It is a style question, a fashion decision, a huge clothing debate. Should jeans be worn inside or outside of boots? The answer depends on many factors, things such as what kind of jeans you’re wearing, what kind of boots you’re wearing, what kind of stuff you’re doing when you’re wearing them and where you’re going to wear your boots and jeans. This question is all about fashion, practical style, personal preference…and what kind of jeans are hanging in your closet. It’s time to decide where you stand on this style debate.
Some fashionable people have a quick criticism for anyone who tucks their jeans into their boots: what are you, a pirate? And it’s true that this look is very much associated with the style of pirates during the Golden Age of Piracy in the 1700s. Watch a movie or a TV show featuring famous names like Blackbeard and you will very likely see this look worn frequently. Of course, they aren’t wearing jeans with their boots, but the pants are very much tucked into the boots and the joke is still made about people who choose to wear their boots outside of their jeans.
But pirates had it right when they wore this look. They weren’t the only ones to do so. For a lot of casual attire, including riding clothes and hunting clothes worn in the 1700s and 1800s, pants were worn inside the boots to offer protection for the legs. It was also quite common among sailors of all types. They kept their pants inside the boots to protect pants from the spray of the water splashing up onto the deck. So when someone says that tucking jeans into boots is a fashion problem, they’re wrong. This look has probably been worn longer and more often than wearing pants outside of boots.
Is this look stylish, though? After all, you’re not a pirate in the 1700s. So do you actually still have a reason to wear your jeans inside your boots or does this look silly and outdated?
Is There a Good Reason?
Actually, there are many practical reasons why you might want to tuck your jeans down into your boots and looks be darned. On these days, wear slim fit or skinny jeans that are cut closer to the legs. This allows your jeans to fit into your boots much more easily.
If the weather is snowy and cold, or if there is a lot of slush on the ground, tucking your jeans into your boots will save you a whole lot of discomfort. Your jeans stay dry while you slog through all that yucky stuff in the boots, which by the way must be high enough to protect you from all that ice and wet that’s outside.
How the Look Began
However, dust and debris from the trail is the primary reason why this whole thing of tucking jeans into boots started to be a thing. It’s a look that goes back to the earliest pairs of jeans. The official patent for jeans was registered in the 1870s by Jacob Davis, a tailor and by Levi Strauss, a retailer. Davis had been asked to create a pair of tough work pants for a local miner in Nevada. He collaborated with Strauss on the type of fabric to use and came up with the idea to add copper rivets to the stress points of the pants.
The rest, as they say, is history. Jeans soon became the work pants of choice not just for miners but also for ranchers, who tucked the bottom of the pants down into their boots to protect against the dirt and dust on the trail, to say nothing of the brush. The jeans kept the pants from snagging. To this day, it is common to tuck jeans into cowboy boots in particular. This creates a distinctly western look that is still popular in Texas, Arizona and other southwestern states.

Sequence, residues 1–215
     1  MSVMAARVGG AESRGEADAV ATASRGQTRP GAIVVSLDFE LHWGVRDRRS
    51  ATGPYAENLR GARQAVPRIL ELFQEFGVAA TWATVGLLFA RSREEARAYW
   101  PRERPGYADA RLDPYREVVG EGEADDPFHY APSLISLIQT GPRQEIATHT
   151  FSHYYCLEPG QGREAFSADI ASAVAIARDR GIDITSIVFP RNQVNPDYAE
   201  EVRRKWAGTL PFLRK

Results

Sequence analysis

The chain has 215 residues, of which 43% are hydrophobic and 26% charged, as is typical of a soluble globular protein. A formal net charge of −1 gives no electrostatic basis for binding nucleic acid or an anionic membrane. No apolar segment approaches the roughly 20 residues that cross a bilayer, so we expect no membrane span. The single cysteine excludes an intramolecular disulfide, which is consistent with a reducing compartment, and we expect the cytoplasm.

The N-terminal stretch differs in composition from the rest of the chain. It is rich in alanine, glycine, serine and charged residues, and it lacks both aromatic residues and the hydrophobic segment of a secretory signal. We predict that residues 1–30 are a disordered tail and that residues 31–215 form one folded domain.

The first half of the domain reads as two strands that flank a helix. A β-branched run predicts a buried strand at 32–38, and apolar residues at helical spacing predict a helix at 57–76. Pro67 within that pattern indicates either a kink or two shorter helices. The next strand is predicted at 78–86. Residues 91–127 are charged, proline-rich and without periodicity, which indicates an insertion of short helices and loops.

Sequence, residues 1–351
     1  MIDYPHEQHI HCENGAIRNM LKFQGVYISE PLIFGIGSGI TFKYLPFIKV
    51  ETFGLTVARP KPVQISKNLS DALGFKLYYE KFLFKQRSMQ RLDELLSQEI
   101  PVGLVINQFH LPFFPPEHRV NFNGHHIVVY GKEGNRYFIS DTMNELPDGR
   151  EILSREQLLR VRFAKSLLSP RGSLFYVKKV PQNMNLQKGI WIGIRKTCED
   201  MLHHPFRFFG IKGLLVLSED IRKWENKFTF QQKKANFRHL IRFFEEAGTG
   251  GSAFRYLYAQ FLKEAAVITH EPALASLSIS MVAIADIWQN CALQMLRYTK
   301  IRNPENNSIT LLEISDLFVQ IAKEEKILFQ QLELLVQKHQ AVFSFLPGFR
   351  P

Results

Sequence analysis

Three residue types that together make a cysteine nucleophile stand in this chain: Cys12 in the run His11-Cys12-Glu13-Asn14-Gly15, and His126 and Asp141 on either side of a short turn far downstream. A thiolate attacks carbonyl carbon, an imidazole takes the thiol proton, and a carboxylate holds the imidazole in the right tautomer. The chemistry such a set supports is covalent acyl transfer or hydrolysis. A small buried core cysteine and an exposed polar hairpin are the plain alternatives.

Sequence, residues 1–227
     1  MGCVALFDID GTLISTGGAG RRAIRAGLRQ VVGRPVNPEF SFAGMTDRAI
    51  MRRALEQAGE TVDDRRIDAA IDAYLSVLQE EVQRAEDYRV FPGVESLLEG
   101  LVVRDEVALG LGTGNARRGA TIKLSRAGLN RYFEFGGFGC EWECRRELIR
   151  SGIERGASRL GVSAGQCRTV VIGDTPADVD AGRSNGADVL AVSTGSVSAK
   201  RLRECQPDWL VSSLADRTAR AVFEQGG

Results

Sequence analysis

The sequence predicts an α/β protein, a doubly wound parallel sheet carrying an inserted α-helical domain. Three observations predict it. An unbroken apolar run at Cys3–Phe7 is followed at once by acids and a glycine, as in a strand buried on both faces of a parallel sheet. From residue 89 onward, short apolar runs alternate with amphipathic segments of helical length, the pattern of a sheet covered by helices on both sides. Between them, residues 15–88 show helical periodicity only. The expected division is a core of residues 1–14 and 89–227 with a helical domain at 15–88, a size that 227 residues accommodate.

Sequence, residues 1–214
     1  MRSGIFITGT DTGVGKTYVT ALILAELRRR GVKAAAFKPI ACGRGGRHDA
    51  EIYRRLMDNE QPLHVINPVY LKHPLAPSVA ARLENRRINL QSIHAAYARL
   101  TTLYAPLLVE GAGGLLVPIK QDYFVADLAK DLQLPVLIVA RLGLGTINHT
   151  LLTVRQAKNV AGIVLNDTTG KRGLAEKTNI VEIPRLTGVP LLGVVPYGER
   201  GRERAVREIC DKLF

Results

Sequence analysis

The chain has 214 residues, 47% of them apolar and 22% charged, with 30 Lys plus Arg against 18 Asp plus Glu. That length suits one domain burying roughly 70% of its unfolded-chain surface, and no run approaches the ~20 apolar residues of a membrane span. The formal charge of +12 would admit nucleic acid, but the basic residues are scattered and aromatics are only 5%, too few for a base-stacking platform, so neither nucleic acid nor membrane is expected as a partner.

The Right Way to Tuck Jeans
It seems simple enough to tuck your jeans down into your boots. However, there is a bit of an art to choosing the right jeans to wear and getting them tucked inside smoothly so that you get a comfortable fit.
Wearing the right jeans is key. You don’t have to find the tightest pair of skinny jeans out there to find a good pair of boots that can be tucked inside boots. Actually, you want to have a little bit of moving room so that you can maintain a comfortable fit all day and all night. There’s an easy way to test the fit of your jeans if you plan on wearing them under your boots. Pinch the fabric of the jeans right below your knee. You should be able to pinch about an inch and a half of fabric. If you can pinch a lot more or a lot less, find a different pair of jeans.
That’s not all. You need to be careful about the bottom of the blue jeans. You also want jeans that aren’t wide and flaring at the bottom. Even boot-cut jeans, which are made to fit over boots but don’t flare, could give you trouble. Look for slim fit, straight fit and skinny fit styles if you plan on wearing your boots on top of your jeans.
The boots are also key. You want a pair that is above ankle length at least, and mid-calf is more of a comfortable length if you want to wear this look. The boots also shouldn’t be extremely snug against your legs. After all, you need some room available in there for the jeans. If you can comfortably insert two fingers inside the top of the boots and move them all the way around your leg, you should be fine to tuck your jeans down into your boots.
Put your jeans on first and smooth them down, pressing them close to your skin. Cuff them up once. A nice, long cuff will do. This will keep the jeans from sliding down over your feet and creating discomfort, which they absolutely will if you don’t cuff.
Put on your boots next. Try to keep the jeans smooth and pull the boots on around them. Once the boots are on, gently pinch the fabric of your jeans above the boots and give it a small tug. Your legs need a little room to bend, after all. Lace up the boots, if needed, and stand up. Take a few steps, bend down a little bit, bend over, sit down and get the fit and feel of the jeans and boots right. Now, you’re ready to go!
Isn’t There a Good Alternative?
If you are adamantly against tucking, there are other ways to wear your jeans to protect them from the bad weather outside. Instead of tucking jeans inside boots, you can cuff them. When you’re wearing tall boots, above ankle-high, you can cuff your jeans up a little higher than you ordinarily would. This means you can do a double cuff, rather than a single. Essentially, you’ll be styling your pants so that they become capris.
This has a similar effect to tucking jeans inside the boots, as it will protect the bottom of the jeans and keep them out of the way of wet puddles, snow and other weather issues. This double cuff design will also allow you to show off your boots, always an added benefit to wearing boots outside of jeans. The double cuff, however, allows you to avoid tucking if you just don’t like the way that looks or feels.
But is it Fashionable?
It’s been proven, by now, that people are going to tuck their jeans into their boots for all kinds of reasons. There’s a way to do it to keep it looking good and smooth and fashionable. But just because you can wear this look does not mean that you should.